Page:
Sony PS5 Review: The Next Step For PlayStation
Updated: Aug 20, 2021
For all you Playstation fans out there, you’ve waited long enough. Or perhaps, to be more accurate, you’re probably still waiting. But regardless, Playstation 5 is finally here.
So by now, we’ve seen the design multiple times, and it has certainly become quite the conversation starter within the gaming community as a whole. To tell you the truth, I’m still fifty-fifty on the design. On one hand, I kind of want to applaud Sony for coming out with such a radical design that’s a major departure away from the Playstation 4. It really is unique and it stands out.
On the other hand, I really like the monolithic block design of the Xbox Series X. In comparison, it’s much smaller and compact, and would just about fit in any room you want to put it in.
I guess only time will tell if this design would grow on me. But there’s definitely one thing which I really don’t like, and that’s the glossy black plastic finish that runs through the middle of the console.
I understand that Sony was going for a two-tone look in both color and surface of the material. But I don’t know. That glossy plastic really makes it feel cheap and scuffs and scratches are really easy to notice as well, so there’s that.
Now, I foresee that a lot of you guys would probably use the PS5 standing up, and with that, perhaps forgo the included base. In my opinion, I think it’s fine either way, because while some others claim it might restrict airflow without it… I hardly think so because the fan is at the top of the console, not the bottom, and unlike the Series X, the air gets pulled in from the front, and out the back.
Personally, I use the base because it’s an easy measure to prevent it from getting lost, but also, it’s already included, so why not.
Anyways, once you have the PS5 all set up, this is where the next-gen experience truly starts.
First off, you get treated with a new UI that’s a nice refresh. It’s basically like that of the Dynamic Menu in the PS4 but just refined with new animations and effects. In fact, it’s like taking the UI of the PS4, squeezing them down and pushing all of it into the top left corner. And of course, Sony has decided to standardise the cross button for confirm and circle for cancel. For those of us in Asia, kind of a bummer because I’ve always associated circle for confirm and its naturally always the rightmost button. But you’ll get used to it.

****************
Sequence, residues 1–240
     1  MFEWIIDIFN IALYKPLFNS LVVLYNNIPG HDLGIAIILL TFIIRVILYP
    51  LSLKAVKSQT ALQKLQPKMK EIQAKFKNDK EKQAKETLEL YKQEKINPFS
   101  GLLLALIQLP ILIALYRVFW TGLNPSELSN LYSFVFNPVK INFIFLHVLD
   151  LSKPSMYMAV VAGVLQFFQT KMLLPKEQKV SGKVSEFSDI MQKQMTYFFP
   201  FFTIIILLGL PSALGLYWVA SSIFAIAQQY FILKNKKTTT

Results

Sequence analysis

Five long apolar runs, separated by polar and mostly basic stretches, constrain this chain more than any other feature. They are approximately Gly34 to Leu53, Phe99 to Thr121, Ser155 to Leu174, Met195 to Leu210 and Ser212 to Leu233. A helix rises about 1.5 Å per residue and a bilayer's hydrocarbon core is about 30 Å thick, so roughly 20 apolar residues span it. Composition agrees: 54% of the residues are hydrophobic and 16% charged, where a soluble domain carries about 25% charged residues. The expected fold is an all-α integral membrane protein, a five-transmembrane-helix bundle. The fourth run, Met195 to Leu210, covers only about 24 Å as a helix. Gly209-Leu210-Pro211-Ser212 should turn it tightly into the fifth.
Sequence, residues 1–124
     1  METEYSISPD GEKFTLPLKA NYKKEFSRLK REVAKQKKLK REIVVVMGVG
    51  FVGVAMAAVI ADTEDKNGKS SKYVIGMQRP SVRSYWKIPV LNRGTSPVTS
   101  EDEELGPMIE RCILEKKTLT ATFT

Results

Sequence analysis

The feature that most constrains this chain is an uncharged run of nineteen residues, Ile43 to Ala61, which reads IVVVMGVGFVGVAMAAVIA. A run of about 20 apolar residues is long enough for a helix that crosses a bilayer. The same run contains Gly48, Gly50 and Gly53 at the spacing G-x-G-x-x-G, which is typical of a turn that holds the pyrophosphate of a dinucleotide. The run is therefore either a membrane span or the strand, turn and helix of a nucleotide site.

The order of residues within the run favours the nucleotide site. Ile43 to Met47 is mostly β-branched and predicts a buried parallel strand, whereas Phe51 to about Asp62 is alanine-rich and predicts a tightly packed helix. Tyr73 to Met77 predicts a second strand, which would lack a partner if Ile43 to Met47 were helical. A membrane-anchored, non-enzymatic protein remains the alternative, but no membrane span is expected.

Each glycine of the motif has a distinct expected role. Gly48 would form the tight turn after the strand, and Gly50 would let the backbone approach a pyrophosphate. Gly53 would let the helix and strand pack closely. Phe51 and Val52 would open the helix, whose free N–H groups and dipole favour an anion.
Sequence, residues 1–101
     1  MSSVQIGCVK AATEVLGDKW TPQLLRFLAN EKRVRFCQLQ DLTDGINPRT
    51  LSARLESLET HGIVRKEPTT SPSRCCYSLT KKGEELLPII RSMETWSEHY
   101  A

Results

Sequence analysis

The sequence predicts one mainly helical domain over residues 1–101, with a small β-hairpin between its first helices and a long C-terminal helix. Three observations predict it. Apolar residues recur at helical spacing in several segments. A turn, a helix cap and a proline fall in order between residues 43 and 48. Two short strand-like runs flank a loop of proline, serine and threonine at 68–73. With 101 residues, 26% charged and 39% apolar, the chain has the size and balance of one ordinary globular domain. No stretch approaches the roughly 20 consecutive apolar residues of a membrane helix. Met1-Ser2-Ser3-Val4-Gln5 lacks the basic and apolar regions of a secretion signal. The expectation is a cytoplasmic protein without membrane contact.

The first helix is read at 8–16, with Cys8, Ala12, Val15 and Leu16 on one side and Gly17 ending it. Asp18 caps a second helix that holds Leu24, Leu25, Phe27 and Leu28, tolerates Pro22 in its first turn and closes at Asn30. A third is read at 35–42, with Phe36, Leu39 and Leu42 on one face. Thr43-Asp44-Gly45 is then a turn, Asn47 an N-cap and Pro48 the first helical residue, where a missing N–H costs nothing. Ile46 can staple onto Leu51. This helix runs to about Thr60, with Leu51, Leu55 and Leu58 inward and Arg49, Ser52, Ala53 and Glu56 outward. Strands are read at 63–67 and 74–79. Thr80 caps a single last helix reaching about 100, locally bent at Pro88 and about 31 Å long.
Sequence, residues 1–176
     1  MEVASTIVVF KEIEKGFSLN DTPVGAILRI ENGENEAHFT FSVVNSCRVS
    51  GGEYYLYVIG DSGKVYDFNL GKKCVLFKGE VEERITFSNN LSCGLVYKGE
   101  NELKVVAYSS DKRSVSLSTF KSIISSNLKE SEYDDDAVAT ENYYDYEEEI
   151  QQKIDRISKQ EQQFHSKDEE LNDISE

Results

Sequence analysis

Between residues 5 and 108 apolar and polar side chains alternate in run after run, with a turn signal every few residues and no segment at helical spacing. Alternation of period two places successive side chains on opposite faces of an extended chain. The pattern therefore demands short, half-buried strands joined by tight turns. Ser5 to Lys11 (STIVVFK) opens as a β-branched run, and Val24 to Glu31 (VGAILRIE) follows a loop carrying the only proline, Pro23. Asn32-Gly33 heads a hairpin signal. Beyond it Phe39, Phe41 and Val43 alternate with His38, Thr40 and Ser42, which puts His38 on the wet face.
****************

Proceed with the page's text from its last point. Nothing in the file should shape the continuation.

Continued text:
Apart from that, some things are actually downright similar or flat out the same, like the settings menu and the such. If you’re familiar with the PS4, you’ll be right at home with the PS5.
But now, let’s talk about what truly matters, the performance and the games, for PS5 is basically touting the same kind of experience the Series X offers. 4K gaming at up to 120 frames per second, and thanks to the new AMD chips, ray-tracing as well.
Now, unlike the Series X, there are actually next-gen games that’s only available to play on the PS5 such as the Demon Souls Remake. But what’s just as neat is backwards compatibility. Basically, any game you own on the PS4 will be playable on the PS5. If you own a digital collection, you basically just need to re-install it onto the PS5 and play it that way. If you own a physical copy, just insert the disc and once it’s installed, go ahead and play. Either way, it just works.
Although you don’t get a feature like Quick Resume, the PS5 still boots into the game just as fast as the Series X thanks to that insanely fast custom SSD that’s built-in.
But back to the next-gen stuff, and we start with Spider-Man: Miles Morales. For this game, you can basically choose between High Fidelity or High Performance mode. In High Fidelity mode, the games run at a resolution of 4K, with ray-tracing turned on. This is the mode you want to be in if you really want to experience the best that Spider-Man Miles Morales has to offer in terms of visuals. The actual real-time reflections really make the city much more alive.
But, and it’s a big but, you’re limited to just 30 frames per second.
On the other hand, if you choose High Performance mode, the game runs just slightly below native 4K and you don’t get ray-tracing, but you now enjoy a really smooth 60 frames per seconds experience.
Compared to the PS4 Pro version, you’re playing a better version of the game no matter which mode you choose. It just depends on which you favour more, frames per second or that immersive ray-traced world.
This kind of decision making also stays true in a game like Call of Duty Black Ops Cold War. The difference, however, would be the option between choosing ray-tracing and playing at 60 frames per second, or turn ray-tracing off and enjoy up to 120 frames per second, which I daresay is the much bigger game-changer.
But I’m not going to delve too deeply into the performance and visuals of Black Ops Cold War. Instead, this game has a far more interesting feature and it all has to do with the new DualSense controller.